6. We have heard both the parties and gone through the facts of the case as also the aforesaid decision relied upon by the ld. DR. Indisputably, the amount of Rs. 9,57,40,000/- was received from new creditors by way of unsecured loans/trade deposits and the assessee paid interest thereon of Rs. 81,80,651/-. There is no dispute before us in respect of addition of Rs. 1,22,00,000/- and disallowance of interest thereon. The only dispute raised by the Revenue before us is in respect of deletion of addition of Rs. 8,35,40,000/- and interest of Rs. 78,37,586/- thereon while the assessee is in appeal against upholding of addition of Rs. 17,00,000/- and interest of 18,559/-. Despite various notices issued u/s 142(1) of the Act by the AO, asking the assessee to establish the genuineness of fresh creditors, the assessee did not furnish all the confirmations or any evidence in support of genuineness of the transactions with the aforesaid unsecured creditors. Even when the AO repeatedly asked the assessee to submit confirmations of the various persons, the assessee did not comply. As a result, addition of Rs. 9,57,40,000/- u/s 68 of the Act was made besides disallowance of interest of Rs. 81,80,651/-. On appeal, the ld. CIT(A) deleted the addition of Rs. 8,35,40,000/- and interest of Rs. 78,37,586/- only on the basis of confirmations from 14 parties, without recording any findings on the creditworthiness of these fourteen creditors or even genuineness of the transactions. The ld. CIT(A) also did not record any finings in respect of creditworthiness of the two creditors of Rs. 17 lacs and genuineness of the transactions with them while upholding the said addition. There is nothing to suggest that the ld. CIT(A) undertook any independent enquiries relating to the said 16 creditors in order to ascertain their creditworthiness. The ld. CIT(A) did not elaborate by analyzing facts of each of the creditor nor referred to any material as to how creditworthiness of these creditors and genuineness of the transactions, is established when neither sources of their income or copies of their bank accounts were submitted before the AO and nor even these creditors were produced before the AO. This approach of the ld. CIT(A) is not in accordance with law. It is well established that onus is on the assessee to establish identity and creditworthiness of the creditors apart from genuineness of the transactions. Merely establishing the identity of the creditor is not enough as held in Shankar Industries v. CIT [1978] 114 ITR 689 (Cal.); C. Kant & Co. v. CIT [1980] 126 ITR 63/[1981] 5 Taxman 64 (Cal.); Prakash Textile Agency v. CIT [1980] 121 ITR 890/4 Taxman 323 (Cal.); Oriental Wire Industries (P.) Ltd. v. CIT [1981] 131 ITR 688 (Cal.); CIT v. United Commercial & Industrial Co. (P.) Ltd. [1991] 187 ITR 596/56 Taxman 304 (Cal.); and CIT v. Korlay Trading Co. Ltd. [1998] 232 ITR 820 (Cal.). Even mere filing of confirmatory letters does not discharge the onus that lies on the assessee as held in Bharati (P.) Ltd. v. CIT [1978] 111 ITR 951 (Cal.); CIT v. W.J. Walker & Co. [1979] 117 ITR 690 (Cal.) and CIT v. United Commercial & Industrial Co. (P) Ltd. [1991] 187 ITR 596/56 Taxman 304 (Cal). Moreover, mere furnishing of the particulars or payment by account payee cheque is not sacrosanct nor can it make a non-genuine transaction genuine as concluded in CIT v. Precision Finance Co. (P.) Ltd. [1994] 208 ITR 465/[1995] 82 Taxman 31 (Cal.); Nizam Wool Agency v. CIT [1992] 193 ITR 318/[1991] 59 Taxman 187 and CIT v. United Commercial & Industrial Co. (P.) Ltd. [1991] 187 ITR 596/56 Taxman 304 (Cal.). Hon’ble Apex Court in CIT v. P. Mohanakala [2007] 291 ITR 278/161 Taxman 169 (SC) observed that :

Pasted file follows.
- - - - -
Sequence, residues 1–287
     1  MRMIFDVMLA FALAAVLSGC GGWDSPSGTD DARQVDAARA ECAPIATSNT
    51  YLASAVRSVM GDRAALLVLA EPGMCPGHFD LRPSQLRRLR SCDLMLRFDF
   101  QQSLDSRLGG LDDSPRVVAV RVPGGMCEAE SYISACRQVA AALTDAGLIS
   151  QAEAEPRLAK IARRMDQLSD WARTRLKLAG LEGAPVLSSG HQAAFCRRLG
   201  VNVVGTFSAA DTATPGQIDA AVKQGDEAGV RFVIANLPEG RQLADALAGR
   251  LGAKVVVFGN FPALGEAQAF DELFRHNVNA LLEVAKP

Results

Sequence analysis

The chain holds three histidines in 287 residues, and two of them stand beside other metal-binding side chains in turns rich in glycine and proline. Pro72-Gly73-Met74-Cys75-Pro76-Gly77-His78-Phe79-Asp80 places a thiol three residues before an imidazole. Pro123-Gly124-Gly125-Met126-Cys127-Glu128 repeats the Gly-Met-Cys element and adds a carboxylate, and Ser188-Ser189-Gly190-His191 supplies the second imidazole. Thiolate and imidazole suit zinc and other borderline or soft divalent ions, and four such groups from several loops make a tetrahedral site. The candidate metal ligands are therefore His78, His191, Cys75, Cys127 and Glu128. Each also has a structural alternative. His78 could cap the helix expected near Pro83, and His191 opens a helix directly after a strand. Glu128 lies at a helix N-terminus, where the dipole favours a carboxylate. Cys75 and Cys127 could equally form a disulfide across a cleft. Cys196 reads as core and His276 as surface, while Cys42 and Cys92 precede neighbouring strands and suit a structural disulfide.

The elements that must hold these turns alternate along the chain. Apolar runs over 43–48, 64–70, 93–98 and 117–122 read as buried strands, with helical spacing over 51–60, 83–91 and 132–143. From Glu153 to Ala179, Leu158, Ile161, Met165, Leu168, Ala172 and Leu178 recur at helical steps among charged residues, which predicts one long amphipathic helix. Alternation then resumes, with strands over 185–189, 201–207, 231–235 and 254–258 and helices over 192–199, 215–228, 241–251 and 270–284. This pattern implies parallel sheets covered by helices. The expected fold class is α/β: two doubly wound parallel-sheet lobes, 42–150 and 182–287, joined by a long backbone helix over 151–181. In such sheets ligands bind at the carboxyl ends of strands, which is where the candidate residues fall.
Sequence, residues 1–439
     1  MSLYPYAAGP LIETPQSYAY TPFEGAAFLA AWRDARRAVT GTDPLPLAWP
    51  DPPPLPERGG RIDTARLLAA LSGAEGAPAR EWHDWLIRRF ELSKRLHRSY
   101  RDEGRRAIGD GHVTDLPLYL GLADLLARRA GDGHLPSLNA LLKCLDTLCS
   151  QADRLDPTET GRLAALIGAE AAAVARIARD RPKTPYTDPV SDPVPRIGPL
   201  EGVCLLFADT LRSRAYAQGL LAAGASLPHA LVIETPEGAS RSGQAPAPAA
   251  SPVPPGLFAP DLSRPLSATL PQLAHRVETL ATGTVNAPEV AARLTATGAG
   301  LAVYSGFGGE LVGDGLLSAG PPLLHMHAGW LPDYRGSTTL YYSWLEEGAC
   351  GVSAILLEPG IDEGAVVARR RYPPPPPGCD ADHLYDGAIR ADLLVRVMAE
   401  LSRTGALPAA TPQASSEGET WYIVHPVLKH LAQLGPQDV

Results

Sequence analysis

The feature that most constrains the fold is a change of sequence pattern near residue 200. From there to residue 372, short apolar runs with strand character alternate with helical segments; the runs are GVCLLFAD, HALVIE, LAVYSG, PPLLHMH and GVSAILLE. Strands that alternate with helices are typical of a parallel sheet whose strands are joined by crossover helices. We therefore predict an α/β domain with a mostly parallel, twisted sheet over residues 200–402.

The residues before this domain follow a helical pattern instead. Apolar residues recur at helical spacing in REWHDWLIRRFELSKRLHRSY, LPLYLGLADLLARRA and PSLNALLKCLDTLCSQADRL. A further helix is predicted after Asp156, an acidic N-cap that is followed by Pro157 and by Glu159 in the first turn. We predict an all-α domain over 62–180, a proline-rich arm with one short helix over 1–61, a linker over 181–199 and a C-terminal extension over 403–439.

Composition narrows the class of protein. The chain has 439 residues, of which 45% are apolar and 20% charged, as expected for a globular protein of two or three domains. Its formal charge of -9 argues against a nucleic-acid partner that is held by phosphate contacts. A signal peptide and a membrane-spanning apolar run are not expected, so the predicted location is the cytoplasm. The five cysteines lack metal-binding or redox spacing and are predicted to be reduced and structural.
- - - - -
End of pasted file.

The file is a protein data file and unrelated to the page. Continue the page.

“A bare reading of section 68 suggests that there has to be credit of amounts in the books maintained by an assessee; such credit has to be of a sum during the previous year; and the assessees offer no explanation about the nature and source of such credit found in the books; or the explanation offered by the assessees in the opinion of the Assessing Officer is not satisfactory, it is only then the sum so credited may be charged to income-tax as the income of the assessees of that previous year. The expression “the assessees offer no explanation” means where the assessees offer no proper, reasonable and acceptable explanation as regards the sums found credited in the books maintained by the assessees. It is true the opinion of the Assessing Officer for not accepting the explanation offered by the assessees as not satisfactory is required to be based on proper appreciation of material and other attending circumstances available on record. The opinion of the Assessing Officer is required to be formed objectively with reference to the material available on record. Application of mind is the sine qua non for forming the opinion.”